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Newswatch 2.25.08: Adobe launches AIR

Fresh AIR for apps that span desktop, net

[WSJ] Someone who wants to put an item up for bid on eBay, for example, could fill out the form through the AIR software while the PC isn't connected to the Web. The software would automatically post the information to eBay the next time the computer is connected to the Internet.

Pakistan shoots down YouTube (for a few hours)

[NYT] The chain of confusion started when Pakistan's Internet tinkering was copied to an affiliated I.S.P. in Hong Kong, which copied it to other companies routing Internet requests across the world. Experts on Internet routing agreed on their mailing list that the spread of the YouTube-blocking beyond Pakistan was an accident.

Nokia previews Morph, a futuristic rubbery device

[TechNewsWorld] Morph is currently just a concept that demonstrates how future mobile devices might look, Nokia said, with pliable materials, transparent electronics and self-cleaning surfaces. Actual, commercial devices based on the concept won't be available for a good seven years at least. "Nokia Research Center is looking at ways to reinvent the form and function of mobile devices; the Morph concept shows what might be possible," said Bob Iannucci, Nokia CTO.

'Vista Capable' lawsuit gets class action status

[InfoWeek] Seattle District Court Judge Marsha Pechman, who last year rejected Microsoft's request for a dismissal of the case, last week effectively expanded the lawsuit to potentially include all consumers who purchased a Windows XP PC advertised as "Vista Capable."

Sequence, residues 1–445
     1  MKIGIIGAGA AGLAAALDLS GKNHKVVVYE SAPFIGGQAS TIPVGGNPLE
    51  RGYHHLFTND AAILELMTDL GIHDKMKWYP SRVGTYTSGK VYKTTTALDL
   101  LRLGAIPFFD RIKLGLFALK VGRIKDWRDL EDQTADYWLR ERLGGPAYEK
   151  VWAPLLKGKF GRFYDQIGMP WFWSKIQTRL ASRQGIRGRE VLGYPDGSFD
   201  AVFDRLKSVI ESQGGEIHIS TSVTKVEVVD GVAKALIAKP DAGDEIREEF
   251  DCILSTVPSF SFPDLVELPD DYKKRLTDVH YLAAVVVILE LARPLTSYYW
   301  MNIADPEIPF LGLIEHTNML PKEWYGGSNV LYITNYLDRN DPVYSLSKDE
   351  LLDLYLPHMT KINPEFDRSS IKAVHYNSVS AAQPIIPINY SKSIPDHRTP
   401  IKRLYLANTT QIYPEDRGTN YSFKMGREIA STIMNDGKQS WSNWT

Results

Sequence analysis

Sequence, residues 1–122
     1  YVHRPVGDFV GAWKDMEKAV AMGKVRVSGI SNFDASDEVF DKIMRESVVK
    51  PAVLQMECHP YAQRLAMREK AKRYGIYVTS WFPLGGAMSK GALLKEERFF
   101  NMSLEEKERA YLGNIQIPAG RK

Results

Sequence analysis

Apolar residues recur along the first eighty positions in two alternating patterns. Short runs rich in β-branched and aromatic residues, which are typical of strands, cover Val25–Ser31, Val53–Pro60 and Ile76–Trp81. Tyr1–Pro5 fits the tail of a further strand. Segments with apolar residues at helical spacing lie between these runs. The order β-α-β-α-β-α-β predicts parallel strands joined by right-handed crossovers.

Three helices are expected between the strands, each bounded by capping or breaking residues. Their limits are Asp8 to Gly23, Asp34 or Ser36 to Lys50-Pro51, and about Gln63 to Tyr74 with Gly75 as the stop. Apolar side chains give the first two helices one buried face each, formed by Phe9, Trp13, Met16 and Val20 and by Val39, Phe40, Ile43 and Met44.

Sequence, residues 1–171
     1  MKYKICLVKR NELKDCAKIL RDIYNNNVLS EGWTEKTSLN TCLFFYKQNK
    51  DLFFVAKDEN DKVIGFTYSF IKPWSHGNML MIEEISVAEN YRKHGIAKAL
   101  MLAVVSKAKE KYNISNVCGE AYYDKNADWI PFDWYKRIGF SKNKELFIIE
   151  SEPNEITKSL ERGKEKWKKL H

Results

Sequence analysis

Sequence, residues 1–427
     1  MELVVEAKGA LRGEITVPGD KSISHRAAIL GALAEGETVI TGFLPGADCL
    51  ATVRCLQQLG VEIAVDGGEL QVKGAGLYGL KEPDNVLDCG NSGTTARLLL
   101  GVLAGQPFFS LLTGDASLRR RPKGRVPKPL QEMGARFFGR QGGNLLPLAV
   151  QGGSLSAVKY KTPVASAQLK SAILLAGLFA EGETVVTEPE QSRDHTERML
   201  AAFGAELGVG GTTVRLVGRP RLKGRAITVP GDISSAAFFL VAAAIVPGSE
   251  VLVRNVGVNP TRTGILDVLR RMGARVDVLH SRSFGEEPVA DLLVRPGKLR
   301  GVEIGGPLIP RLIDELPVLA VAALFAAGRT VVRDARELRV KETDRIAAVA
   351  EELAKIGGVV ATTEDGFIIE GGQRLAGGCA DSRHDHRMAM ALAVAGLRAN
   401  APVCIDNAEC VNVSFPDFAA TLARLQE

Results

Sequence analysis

Semantic Web firm gets $13m funding

[ZDNet] Spivack says that the additional injection of cash will be used to move Radar Networks’ initial product, Twine, from its current beta status toward mainstream adoption. He suggests that the thousands of individuals already on Twine’s waiting list will gradually be granted access from next month, and encouraged to drive viral growth by passing invitations to friends and colleagues. He believes that Twine will be open to the public by early Summer.

Security hole in VMWare

[CRN] Core Security Technologies, based in Boston, Mass., announced the discovery of a flaw in VMWare's desktop virtualization software for Windows that could leave companies vulnerable to hackers. "What's most relevant about this vulnerability is it demonstrates how virtual environments can provide an open door to the underlying infrastructures that host them," said Core Security's CTO Ivn Arce.

Japan launches high-speed net satellite

[Wired] After a week of delays, Japan launched a new, experimental Internet satellite on Saturday that shows why Japan is still so much farther ahead than the United States in terms of bandwidth. The "Kizuna" satellite is designed to give extremely high Internet speeds to rural and other areas that have been left off the country's already high-speed grid.